Diwali wishes from The Spafaeries.
Diwali is the most widespread celebrated Hindu festival, not only in India but the rest of the world also celebrates it with the same enthusiasm as people in India. ‘Diwali’ is short for Deepawali, which translates into “row of lights” and indeed illumination forms its main attraction. It involves the lighting of small clay lamps, which are normally called ‘diyas’, they’re filled with oil to signify triumph of good over evil. It symbolizes the age-old culture of India, which teaches us to vanquish ignorance that subdues humanity and to drive away darkness that engulfs the light of knowledge. These lamps are normally kept glowing for the entire night and the house is kept clean as if you were expecting guests to arrive. Every home, from the hut of the poor to the mansion of the rich – is lit with the glow of twinkling diyas. This is done in order to make the Goddess Lakshmi feel welcomed. Goddess Lakshmi is believed by the Hindus to be the Goddess of wealth prosperity, fortune, and the embodiment of beauty.
Diwali signifies many different things to people across India. In north India, Diwali celebrates Rama’s homecoming, which is his return to Ayodhya, an ancient city of India, birthplace of Lord Rama after the defeat of Ravana and his coronation as king. On the other hand, in Gujarat, the festival honors Lakshmi, it was on this day that goddess Lakshmi was married to god Vishnu, and in Bengal, people light diyas in memory of the souls of departed ancestors. The goddess Kali is worshipped for whole night on one of the nights.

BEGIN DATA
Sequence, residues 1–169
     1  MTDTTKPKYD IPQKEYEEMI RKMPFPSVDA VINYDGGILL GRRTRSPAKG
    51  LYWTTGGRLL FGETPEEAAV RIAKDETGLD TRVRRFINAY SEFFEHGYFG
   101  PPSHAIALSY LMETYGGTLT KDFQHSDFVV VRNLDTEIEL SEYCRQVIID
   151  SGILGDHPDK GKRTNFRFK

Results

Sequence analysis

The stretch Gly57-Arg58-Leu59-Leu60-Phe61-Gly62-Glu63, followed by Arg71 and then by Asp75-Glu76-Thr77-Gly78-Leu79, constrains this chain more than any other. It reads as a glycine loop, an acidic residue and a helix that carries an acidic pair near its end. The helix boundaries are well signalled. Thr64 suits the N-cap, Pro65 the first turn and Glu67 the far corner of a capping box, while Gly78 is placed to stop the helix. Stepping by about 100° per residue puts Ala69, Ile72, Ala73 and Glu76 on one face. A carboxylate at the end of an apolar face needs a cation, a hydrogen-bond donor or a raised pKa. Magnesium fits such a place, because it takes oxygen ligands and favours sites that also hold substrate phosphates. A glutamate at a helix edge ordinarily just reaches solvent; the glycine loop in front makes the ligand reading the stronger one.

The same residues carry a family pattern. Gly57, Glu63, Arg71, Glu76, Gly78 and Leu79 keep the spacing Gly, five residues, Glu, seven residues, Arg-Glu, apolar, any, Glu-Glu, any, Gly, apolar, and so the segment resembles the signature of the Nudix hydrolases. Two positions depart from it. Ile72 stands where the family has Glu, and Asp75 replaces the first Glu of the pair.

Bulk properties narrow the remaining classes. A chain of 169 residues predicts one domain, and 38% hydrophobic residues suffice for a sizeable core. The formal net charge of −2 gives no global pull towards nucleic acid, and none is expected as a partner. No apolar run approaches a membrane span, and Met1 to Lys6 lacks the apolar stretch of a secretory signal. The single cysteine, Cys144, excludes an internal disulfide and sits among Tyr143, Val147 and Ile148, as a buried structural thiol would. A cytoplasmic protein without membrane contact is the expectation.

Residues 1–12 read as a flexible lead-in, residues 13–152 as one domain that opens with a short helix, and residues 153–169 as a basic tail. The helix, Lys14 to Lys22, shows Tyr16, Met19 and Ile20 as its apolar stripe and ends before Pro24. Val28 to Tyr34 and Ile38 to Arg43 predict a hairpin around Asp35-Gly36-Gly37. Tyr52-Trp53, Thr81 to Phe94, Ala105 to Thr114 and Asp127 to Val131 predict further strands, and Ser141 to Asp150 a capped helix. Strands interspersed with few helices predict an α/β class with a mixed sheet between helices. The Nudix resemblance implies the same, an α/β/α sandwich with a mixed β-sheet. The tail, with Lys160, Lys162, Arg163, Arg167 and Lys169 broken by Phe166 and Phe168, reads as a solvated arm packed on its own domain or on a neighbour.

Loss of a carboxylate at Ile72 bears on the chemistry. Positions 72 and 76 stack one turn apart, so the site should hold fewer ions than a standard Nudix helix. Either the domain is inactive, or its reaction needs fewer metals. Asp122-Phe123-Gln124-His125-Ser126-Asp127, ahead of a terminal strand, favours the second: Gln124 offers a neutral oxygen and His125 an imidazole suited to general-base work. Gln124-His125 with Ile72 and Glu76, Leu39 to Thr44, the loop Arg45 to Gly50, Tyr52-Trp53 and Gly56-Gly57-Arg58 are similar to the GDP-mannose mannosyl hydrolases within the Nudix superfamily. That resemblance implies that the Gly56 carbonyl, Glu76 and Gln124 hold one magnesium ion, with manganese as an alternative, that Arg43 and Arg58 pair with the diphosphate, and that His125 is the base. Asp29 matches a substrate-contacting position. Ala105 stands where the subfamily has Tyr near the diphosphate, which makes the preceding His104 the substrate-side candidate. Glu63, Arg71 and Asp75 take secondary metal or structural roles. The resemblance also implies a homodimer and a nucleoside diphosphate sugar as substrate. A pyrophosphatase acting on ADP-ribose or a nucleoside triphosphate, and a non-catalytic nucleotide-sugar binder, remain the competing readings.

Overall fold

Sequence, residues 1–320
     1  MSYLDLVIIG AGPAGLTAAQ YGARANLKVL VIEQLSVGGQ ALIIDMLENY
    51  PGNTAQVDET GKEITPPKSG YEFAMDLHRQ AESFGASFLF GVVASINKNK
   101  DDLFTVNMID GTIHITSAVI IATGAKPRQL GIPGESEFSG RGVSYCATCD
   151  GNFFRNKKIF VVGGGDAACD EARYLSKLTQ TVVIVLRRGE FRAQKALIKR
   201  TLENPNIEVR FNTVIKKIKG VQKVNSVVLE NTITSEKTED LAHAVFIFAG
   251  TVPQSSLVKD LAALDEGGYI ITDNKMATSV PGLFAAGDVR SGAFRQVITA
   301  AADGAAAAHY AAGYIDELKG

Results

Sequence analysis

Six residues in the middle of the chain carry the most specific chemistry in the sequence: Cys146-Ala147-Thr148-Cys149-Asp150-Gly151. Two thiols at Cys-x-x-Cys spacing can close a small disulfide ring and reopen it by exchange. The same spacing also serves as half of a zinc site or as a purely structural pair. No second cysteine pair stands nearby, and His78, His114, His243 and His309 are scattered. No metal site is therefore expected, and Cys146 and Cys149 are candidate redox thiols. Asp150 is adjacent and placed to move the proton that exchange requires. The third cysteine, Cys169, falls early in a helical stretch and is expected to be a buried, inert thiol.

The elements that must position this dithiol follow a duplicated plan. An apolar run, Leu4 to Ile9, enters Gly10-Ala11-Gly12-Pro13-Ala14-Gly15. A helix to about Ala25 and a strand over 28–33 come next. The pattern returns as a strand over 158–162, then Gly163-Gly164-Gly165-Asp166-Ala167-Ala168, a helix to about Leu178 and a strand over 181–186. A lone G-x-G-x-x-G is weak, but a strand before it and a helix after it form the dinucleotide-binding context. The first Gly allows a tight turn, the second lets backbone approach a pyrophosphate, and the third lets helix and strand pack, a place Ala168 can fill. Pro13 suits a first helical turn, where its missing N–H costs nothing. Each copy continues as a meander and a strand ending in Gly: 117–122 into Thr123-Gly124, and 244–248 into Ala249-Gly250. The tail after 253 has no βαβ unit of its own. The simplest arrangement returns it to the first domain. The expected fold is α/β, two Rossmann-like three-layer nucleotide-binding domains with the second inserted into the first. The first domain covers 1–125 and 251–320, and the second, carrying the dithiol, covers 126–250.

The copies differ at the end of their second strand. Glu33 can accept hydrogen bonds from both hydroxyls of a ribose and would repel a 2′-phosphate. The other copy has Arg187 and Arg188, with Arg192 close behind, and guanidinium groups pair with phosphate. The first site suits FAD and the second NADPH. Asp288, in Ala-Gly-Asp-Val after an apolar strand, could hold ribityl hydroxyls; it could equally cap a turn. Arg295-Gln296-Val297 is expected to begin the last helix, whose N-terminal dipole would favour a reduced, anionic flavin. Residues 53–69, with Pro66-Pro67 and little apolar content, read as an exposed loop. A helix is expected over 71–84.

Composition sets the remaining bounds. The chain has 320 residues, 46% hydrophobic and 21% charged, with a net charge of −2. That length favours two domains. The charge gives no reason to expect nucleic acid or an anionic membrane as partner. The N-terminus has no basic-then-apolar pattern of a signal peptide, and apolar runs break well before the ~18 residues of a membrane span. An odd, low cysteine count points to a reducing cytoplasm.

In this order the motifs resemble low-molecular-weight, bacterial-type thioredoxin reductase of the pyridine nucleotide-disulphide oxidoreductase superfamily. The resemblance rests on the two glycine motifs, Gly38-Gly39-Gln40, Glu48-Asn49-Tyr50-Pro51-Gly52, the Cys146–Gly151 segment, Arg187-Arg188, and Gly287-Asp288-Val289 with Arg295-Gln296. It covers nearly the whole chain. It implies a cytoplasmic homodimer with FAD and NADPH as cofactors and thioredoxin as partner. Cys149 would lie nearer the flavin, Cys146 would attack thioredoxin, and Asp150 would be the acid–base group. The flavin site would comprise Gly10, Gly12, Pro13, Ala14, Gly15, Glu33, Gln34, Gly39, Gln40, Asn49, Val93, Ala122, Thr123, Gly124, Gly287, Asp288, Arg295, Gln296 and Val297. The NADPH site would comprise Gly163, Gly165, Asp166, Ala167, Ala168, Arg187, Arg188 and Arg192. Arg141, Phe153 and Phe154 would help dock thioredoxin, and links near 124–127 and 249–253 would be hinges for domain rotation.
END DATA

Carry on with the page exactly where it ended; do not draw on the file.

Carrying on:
The festival of Diwali is not only about lightening diyas and enjoying fireworks. The 5-days festival is full of religious and traditional activities taking place each of the five days. First day of the festival is Dhan Teras (an auspicious day for shopping) the second day is Naraka Chaturdashi, the puja is performed with oil, flowers, and sandalwood. Coconuts are also offered to Hanuman and prashad of sesame seed, jiggery and rice flakes (poha) with ghee and sugar. The actual Diwali is on third day, when the moon in the sky disappears, and light of diyas and candles makes the night gleaming and full of revelry. The 4th and 5th day of the celebration mark Padwa and Bhaiduj.
The festival is also known for the amazing myriad of sweets offered, people make hampers full of dry fruits, traditional sweets and chocolates as gifts on this festive day. Barfis, Ladoos, gulab jamun, rasgulla, peda…The list is endless. If you have a sweet tooth, a variety of mouth-watering options are available on the platter on Diwali.